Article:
This Frequently Asked Question section is divided up by visa category. If you have a specific question or concern, please contact an international advisor in International Programs at (785) 864-6161 or email us at email@example.com.
Hiring a postdoctoral research: what is the correct visa category?
KU uses the J-1 Research Scholar, H-1B temporary worker, TN NAFTA Treaty Trader and F-1 OPT visa categories to obtain work authorization for Postdoctoral Researchers. Factors that help us determine which visa category to use include where they physically located, whether they completed their degree in the United States and if they have previous work history in the United States. If we can continue to use the same visa category we will try to do so. If the future employee is outside the United States, we will most likely use the J-1 Research Scholar visa category.
How do I bring an international visitor to KU?
The purpose of the visit and duration of the visit are key issues. For shorter time periods with no KU remuneration then using the B-1/B-2 or Visa Waiver Program are quick options. If the visitor will come to KU to do research or teach for a short or limited time period, we will most likely recommend the J-1 visa.
How long does it take to get a visa?
Once the employee/scholar/visitor has the appropriate paperwork from International Programs, they can begin the visa application process at a U.S. consulate. Consulates tend to prioritize Student and Exchange Visitor (J-1 scholar) visa applications. Other visa categories will take longer. You can search for specific consulate wait times on the U.S. Department of State website.
As the hiring department, what fees do we have to pay?
International Programs services are free for KU departments. For certain employment visa petitions (H-1B, TN and O-1) the hiring department will need to pay the petition application fee(s). These fees are paid to the U.S. Department of Homeland Security. Each visa category section will list the fees the hiring department must pay.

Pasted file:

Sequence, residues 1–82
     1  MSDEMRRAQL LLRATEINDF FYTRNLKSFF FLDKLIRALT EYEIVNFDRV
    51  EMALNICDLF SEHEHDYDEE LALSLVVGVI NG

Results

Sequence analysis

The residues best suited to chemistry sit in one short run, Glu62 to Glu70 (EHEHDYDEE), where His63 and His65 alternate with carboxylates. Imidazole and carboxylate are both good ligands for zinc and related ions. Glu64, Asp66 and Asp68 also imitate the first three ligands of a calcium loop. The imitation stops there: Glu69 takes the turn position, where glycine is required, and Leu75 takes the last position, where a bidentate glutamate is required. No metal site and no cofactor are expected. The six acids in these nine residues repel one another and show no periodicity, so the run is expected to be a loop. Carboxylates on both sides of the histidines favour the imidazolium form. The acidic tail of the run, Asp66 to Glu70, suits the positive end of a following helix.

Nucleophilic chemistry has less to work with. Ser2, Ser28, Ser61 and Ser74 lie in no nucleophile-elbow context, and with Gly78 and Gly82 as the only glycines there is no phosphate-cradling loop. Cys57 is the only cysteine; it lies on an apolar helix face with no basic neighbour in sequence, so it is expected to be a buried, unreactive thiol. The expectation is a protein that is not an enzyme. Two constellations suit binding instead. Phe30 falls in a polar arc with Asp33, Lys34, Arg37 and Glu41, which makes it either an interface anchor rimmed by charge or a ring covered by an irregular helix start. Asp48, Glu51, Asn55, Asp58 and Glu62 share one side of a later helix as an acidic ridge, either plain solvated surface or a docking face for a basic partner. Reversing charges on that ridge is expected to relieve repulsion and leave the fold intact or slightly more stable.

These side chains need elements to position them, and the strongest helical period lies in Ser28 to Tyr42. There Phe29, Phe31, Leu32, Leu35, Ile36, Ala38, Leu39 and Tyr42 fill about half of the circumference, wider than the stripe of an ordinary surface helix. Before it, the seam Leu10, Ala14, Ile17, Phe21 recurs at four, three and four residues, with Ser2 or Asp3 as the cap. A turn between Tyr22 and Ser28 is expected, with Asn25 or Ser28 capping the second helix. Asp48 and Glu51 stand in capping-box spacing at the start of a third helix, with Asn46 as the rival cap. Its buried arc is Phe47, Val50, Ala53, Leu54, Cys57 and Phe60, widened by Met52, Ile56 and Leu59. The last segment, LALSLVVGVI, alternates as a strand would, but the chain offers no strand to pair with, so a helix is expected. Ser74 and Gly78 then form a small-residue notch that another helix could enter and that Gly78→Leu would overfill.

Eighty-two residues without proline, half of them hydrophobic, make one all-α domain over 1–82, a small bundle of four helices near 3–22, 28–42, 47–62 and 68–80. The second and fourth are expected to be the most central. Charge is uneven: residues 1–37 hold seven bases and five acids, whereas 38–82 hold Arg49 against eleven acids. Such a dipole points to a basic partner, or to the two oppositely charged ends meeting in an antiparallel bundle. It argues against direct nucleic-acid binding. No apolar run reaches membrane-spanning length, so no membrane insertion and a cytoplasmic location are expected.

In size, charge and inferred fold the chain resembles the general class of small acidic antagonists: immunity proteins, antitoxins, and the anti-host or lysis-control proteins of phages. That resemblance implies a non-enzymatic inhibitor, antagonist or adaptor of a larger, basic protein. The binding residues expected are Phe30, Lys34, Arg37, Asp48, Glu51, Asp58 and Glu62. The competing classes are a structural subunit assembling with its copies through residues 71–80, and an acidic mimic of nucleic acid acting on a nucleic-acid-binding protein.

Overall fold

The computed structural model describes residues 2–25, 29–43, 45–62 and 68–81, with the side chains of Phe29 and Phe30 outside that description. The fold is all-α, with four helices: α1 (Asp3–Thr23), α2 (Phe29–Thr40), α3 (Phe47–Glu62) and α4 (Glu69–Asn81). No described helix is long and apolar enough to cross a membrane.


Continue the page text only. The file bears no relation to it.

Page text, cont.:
Who does KU sponsor for employment-based permanent residency?
The hiring unit should not promise permanent residency to an international employee because the process is complex, lengthy, and inherently uncertain. All tenure and tenure-track positions are eligible for permanent residency and International Programs should be involved early in the hiring process. International employees in positions defined as temporary by KU are not eligible for employment-based permanent residency. Postdoctoral researcher positions are among those that are considered temporary. Please review the KU policy library for more information.
What is the minimum funding/salary requirement?
H-1B Temporary Workers
An H-1B is an employer-sponsored nonimmigrant classification which allows persons who are not U.S. citizens or permanent residents to work for up to six years in a specialty occupation. "Employer-sponsored" means that the employer (at KU, IP) must apply for the H-1B on behalf of the prospective H-1B employee through the United States Citizenship and Immigration Services (USCIS). The H 1B also requires that the H-1B employer pay the H-1B employee the same or higher wage than is paid to workers in similar occupations, in the geographical area of the proposed employment.
What is a “Specialty Occupation?”
A "Specialty occupation" means a position that requires specialized knowledge and skills, and at least a bachelor's degree in that specialized area.
What kinds of occupations qualify for H-1B status?
A broad range of professional occupations qualify for H-1B status. A position must require a minimum of a bachelor’s degree in a specialized field in order for KU to consider H-1B sponsorship.
Who is eligible to obtain H-1B status?
H-1B status is available to a person who has been offered a temporary professional position by a U.S. employer and the hiring department at KU is willing to sponsor the H-1B. A bachelors degree or higher in a related area is the minimum educational level required for a position to qualify for H-1B status, and the H-1B employee must have this degree (or higher).
Am I eligible for H-1B status since I have a bachelor's degree?
Not necessarily. The job itself must require a bachelor's degree or higher in a specialized field. You must then have that degree to qualify for H-1B status.